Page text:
Back in the day, nails were more than just fashion accessories: Early humans used them for digging, defense, and grooming. As the conveniences of modern life precluded those needs, nails became something we take care of, rather than the other way around. One thing hasn't changed, however: Your nails can indicate the general state of your health—so before you treat your peeling nails with the following remedies, check your toenails, too. If they're also peeling, see a doctor to rule out health-related causes such as iron and other nutritional deficiencies.
Fixing Peeling Nails From the Inside
First, let's focus on what you can do to improve the overall health of your nails.
- Drink lots of water. Peeling can be the result of dryness, so try moisturizing from the inside out by drinking water throughout the day. This benefits not just your nails and skin, but your entire body.
- Eat the good stuff. Boost your intake of iron- and biotin-rich foods such as:
- Whole grains
- Cooked eggs
- Baked potato with skin
- Fortified breakfast cereals
- Lean meats
- White beans
- Take a multivitamin. Other nutrients found in vitamins can help build your nails' strength, too. They work together with each other and with the foods you eat to keep all your body systems humming.
Attack Peeling Nails From the Outside
Now, let's think about how to moisturize your nails. Here are a few tried-and-true remedies:
- Soak your nails in olive or coconut oil. Just pour some oil into two small bowls (melt the coconut oil for just a few seconds in the microwave), moisten your nails a bit, stick them in the bowls, and relax for a while.
- Use gentle polish remover. Use acetone-free nail polish remover for sensitive skin. It might take a bit longer to get the nail polish off your nails, but it's far kinder to them.
- Try nail-hardening polish and topical treatments. Here are a few to check out:
- Nutra Nail 5 to 7 Day Growth Calcium Formula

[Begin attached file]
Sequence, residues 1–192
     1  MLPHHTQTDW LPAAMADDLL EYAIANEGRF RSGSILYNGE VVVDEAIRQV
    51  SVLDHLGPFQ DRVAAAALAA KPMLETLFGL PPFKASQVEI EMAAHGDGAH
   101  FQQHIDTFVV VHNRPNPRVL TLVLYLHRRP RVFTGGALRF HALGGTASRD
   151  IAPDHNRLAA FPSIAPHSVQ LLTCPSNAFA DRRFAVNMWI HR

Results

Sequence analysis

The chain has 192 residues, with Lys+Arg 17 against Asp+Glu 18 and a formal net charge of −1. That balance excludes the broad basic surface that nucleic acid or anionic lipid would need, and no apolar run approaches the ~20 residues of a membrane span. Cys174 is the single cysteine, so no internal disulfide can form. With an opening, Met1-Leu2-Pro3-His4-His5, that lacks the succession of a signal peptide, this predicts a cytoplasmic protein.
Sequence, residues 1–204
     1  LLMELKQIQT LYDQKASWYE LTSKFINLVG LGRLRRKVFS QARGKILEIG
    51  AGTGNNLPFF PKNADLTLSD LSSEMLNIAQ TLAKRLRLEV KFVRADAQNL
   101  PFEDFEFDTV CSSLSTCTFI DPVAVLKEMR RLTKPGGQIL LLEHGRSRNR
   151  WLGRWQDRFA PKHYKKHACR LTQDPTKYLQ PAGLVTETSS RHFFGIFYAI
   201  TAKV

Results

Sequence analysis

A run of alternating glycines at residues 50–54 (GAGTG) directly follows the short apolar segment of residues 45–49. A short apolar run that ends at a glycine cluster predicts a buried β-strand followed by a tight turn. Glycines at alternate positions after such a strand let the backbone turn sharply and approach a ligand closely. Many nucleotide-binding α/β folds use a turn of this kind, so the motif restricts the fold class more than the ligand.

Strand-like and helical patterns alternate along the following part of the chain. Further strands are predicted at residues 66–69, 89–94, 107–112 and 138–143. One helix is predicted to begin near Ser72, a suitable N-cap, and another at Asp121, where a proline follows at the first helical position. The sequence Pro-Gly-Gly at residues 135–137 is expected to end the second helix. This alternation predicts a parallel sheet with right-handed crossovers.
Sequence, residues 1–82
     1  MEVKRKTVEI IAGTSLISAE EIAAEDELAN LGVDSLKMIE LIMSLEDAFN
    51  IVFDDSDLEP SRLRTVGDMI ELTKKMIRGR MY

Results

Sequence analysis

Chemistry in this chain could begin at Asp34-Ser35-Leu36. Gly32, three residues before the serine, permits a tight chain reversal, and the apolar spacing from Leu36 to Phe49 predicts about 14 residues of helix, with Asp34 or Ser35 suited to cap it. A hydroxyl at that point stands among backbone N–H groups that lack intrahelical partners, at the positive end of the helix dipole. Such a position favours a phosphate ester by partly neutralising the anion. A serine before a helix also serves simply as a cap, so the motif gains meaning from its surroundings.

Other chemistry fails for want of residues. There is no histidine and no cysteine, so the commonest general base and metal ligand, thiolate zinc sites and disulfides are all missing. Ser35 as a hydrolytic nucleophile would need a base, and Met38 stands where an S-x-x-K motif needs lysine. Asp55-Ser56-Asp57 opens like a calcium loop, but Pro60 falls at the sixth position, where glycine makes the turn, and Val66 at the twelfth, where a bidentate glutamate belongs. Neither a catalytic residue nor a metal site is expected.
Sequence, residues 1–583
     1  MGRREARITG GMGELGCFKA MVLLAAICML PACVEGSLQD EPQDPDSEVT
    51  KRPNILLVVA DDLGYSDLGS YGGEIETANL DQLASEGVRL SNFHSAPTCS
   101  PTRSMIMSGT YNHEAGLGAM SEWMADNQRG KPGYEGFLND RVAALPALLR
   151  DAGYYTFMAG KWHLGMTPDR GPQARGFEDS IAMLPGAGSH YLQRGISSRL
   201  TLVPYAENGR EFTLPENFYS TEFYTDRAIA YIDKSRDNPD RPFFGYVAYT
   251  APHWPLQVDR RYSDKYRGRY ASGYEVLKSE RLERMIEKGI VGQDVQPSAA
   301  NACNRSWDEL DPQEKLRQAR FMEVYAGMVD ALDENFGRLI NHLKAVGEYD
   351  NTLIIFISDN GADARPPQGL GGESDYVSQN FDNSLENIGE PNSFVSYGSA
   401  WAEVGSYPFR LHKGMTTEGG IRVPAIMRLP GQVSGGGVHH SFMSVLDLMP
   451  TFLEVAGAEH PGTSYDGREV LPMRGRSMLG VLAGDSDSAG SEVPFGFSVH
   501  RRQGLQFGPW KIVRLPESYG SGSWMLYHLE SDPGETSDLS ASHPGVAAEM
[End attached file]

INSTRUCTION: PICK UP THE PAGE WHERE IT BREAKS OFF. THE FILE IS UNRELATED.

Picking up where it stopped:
- OPI Nail Envy Sensitivity & Peeling
- Nailtek Hydration Therapy for Soft Peeling Nails
- Consider forgoing polish altogether for a while. Going au naturel reduces the drying effects of harsh chemicals. Plus, you'll allow sunlight to reach your nails and cuticles; it's vital to cell repair and regeneration.
- Buff. Pick up a 4-in-1 nail buffer to smooth rough edges so they don't catch so easily.
- Wear gloves. How often your hands are in water? How often are you using chemicals and cleaning products? What exactly is getting used on your hands and how often? Sometimes we don't think about how the things we do and the products we use affect our nails. If you're frequently submerging your hands in water for whatever reason (washing dishes, work-related responsibilities, etc.) gloves can go a long way toward nail health. No, they're not pretty and they can be cumbersome, but they're the best way to keep your hands and nails healthy.
A Few Don'ts
You can take a few preventative steps to improve your nail health, too:
Don't resort to the fakes. Acrylic, press-on, and gel nails can make things worse, turning your already damaged nails into something that only time will help.
Don't expose your hands to water without moisturizing afterward. It sounds counterintuitive, but water—specifically, the evaporation of water—dries skin out. Lotion is your nails' friend.
Don't use your nails as tools. Don't use them to pick apart things, open soda cans, or to do any of the hundred other things that an actual tool or a better method can accomplish without damaging your nails.
Don't bite your nails. When a nail is peeling, it's very tempting to bite it off. That's a bad idea because, first, you'll weaken your nail and second, ew. Think of all the things your fingers touch in a day. Now imagine licking them all. "Unhygienic" is an understatement. If a strip of the nail is beginning to peel, clip it and buff or file the edge.
Speaking of buffing: Do it in one direction. Buffing and filing back and forth can weaken your nail beds and make peeling more likely. Instead, use gentle, steady movements in one direction only.